This relationship between familiar comfort and feeling disoriented very much applies to personal development as well. In life, the only guaranteed constant is change. We can’t truly stand still, even if we wanted to do so. By definition, change is deviation from the familiar, departure from the comfort zone, which inevitably produces disorientation. The less we resist change and try to hang onto the familiar comfort that is no longer, the less we get dragged into the undercurrent of change; in turn, the more quickly we can get over the disorientation and reestablish our bearings.

Change is a guaranteed constant

Gate of Understanding - MacauPart of me will always remember the old Macau that was my home all those years ago. At the same time, I celebrate the signs of progress and prosperity embodied by the new Macau, a powerfully personal visual reminder that life is but a promise of constant change. It’s up to me whether to embrace or resist change, while staying true to who I am at my core. The less I resist and the more I allow, the more readily I’ll be able to harvest the fruits of change.

Over to you: Do you find it easy or challenging to embrace change? How do you stay true to yourself through changes? Would love for you to share your thoughts/feelings in the comment box below.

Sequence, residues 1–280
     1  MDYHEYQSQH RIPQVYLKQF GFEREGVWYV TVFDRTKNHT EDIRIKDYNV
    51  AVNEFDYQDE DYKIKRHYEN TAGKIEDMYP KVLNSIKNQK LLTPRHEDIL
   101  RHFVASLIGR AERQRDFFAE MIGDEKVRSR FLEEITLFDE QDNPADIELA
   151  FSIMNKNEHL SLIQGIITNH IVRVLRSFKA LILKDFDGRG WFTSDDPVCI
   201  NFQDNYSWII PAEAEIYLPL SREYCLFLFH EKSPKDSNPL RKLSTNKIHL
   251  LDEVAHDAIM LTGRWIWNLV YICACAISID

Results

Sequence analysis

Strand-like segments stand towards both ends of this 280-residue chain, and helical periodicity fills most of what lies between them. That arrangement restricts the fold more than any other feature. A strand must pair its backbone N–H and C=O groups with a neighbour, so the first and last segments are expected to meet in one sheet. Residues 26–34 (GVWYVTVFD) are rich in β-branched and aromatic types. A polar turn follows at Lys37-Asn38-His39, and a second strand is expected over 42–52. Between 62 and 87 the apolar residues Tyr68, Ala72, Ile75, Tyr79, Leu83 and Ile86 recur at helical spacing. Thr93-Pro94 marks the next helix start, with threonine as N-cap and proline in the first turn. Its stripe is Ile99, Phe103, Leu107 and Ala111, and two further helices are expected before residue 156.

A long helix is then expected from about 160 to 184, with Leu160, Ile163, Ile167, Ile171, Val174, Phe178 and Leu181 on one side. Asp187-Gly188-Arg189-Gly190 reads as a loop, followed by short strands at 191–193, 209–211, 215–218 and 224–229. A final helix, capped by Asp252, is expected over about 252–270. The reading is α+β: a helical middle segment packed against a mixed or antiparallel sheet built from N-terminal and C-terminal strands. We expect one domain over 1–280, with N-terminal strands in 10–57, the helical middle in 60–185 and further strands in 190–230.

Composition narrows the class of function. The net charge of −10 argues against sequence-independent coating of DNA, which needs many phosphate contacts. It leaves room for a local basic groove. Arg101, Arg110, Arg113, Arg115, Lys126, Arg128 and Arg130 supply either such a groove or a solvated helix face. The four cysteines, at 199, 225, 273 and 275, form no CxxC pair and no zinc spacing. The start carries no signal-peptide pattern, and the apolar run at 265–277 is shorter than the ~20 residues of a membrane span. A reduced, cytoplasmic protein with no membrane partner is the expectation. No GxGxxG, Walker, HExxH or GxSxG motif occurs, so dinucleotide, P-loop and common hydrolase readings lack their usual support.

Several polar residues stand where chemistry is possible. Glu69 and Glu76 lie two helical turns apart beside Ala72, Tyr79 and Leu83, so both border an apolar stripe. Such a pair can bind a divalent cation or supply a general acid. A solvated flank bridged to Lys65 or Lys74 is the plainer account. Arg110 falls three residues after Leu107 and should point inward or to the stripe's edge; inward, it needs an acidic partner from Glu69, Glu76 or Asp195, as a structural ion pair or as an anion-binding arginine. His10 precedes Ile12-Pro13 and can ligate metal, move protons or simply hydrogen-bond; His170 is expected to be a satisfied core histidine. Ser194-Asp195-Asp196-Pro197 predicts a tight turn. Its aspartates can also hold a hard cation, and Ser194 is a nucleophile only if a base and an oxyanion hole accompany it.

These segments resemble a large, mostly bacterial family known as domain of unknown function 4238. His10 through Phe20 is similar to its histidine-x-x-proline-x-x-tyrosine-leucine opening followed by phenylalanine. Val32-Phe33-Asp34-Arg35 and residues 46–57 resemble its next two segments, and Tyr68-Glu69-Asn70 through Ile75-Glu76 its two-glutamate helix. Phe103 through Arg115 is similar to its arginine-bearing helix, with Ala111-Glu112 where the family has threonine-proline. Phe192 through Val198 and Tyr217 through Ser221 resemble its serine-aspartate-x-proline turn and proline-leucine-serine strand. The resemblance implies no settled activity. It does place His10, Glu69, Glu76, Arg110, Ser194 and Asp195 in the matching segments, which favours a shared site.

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Photo credit: http://www.macautourism.gov.mo/en/

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About Alice Chan, Ph.D.

Dr. Alice Chan is passionate about developing conscious leaders and organizations. Her path to serve her life purpose has included being an award-winning Cornell professor and a leader in the corporate world for nearly 15 years. She’s the author of the book, REACH Your Dreams: Five Steps to be a Conscious Creator in Your Life, and creator of the program, 30 Days to Living Your Best Life. All content on this blog and website is her own, not the opinions of her employer.

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6 comments
ThinDifference
ThinDifference

This is a great way to think about change, through personal stories. In a similar way, the place I grew up is now mostly gone. It is odd to go back to our family farm now, as there is only one building left. Most of what was is now gone, other than the vast prairies and memories. Change does always continue yet, at some point, some our advancements disappear. Our hope is that what has happened next is better, and it is our responsibility to try to foster the right type of change. Our stories center us around these elements. Thank you, Alice!